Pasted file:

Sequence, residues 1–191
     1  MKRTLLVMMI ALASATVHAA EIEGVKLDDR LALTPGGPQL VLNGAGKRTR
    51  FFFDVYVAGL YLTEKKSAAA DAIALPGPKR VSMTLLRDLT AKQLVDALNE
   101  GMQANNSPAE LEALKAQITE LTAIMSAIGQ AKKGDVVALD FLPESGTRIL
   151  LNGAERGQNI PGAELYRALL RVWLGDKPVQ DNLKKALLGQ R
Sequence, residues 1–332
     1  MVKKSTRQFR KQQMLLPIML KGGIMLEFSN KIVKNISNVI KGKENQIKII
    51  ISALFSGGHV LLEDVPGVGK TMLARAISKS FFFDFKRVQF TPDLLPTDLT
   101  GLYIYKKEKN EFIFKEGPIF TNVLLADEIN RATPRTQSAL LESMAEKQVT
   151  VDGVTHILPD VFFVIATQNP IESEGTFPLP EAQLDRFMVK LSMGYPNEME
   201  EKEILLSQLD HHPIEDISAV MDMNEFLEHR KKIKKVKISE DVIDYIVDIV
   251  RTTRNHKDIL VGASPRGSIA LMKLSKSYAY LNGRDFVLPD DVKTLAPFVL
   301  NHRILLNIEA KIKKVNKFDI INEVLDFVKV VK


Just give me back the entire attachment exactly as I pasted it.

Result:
Sequence, residues 1–191
     1  MKRTLLVMMI ALASATVHAA EIEGVKLDDR LALTPGGPQL VLNGAGKRTR
    51  FFFDVYVAGL YLTEKKSAAA DAIALPGPKR VSMTLLRDLT AKQLVDALNE
   101  GMQANNSPAE LEALKAQITE LTAIMSAIGQ AKKGDVVALD FLPESGTRIL
   151  LNGAERGQNI PGAELYRALL RVWLGDKPVQ DNLKKALLGQ R
Sequence, residues 1–332
     1  MVKKSTRQFR KQQMLLPIML KGGIMLEFSN KIVKNISNVI KGKENQIKII
    51  ISALFSGGHV LLEDVPGVGK TMLARAISKS FFFDFKRVQF TPDLLPTDLT
   101  GLYIYKKEKN EFIFKEGPIF TNVLLADEIN RATPRTQSAL LESMAEKQVT
   151  VDGVTHILPD VFFVIATQNP IESEGTFPLP EAQLDRFMVK LSMGYPNEME
   201  EKEILLSQLD HHPIEDISAV MDMNEFLEHR KKIKKVKISE DVIDYIVDIV
   251  RTTRNHKDIL VGASPRGSIA LMKLSKSYAY LNGRDFVLPD DVKTLAPFVL
   301  NHRILLNIEA KIKKVNKFDI INEVLDFVKV VK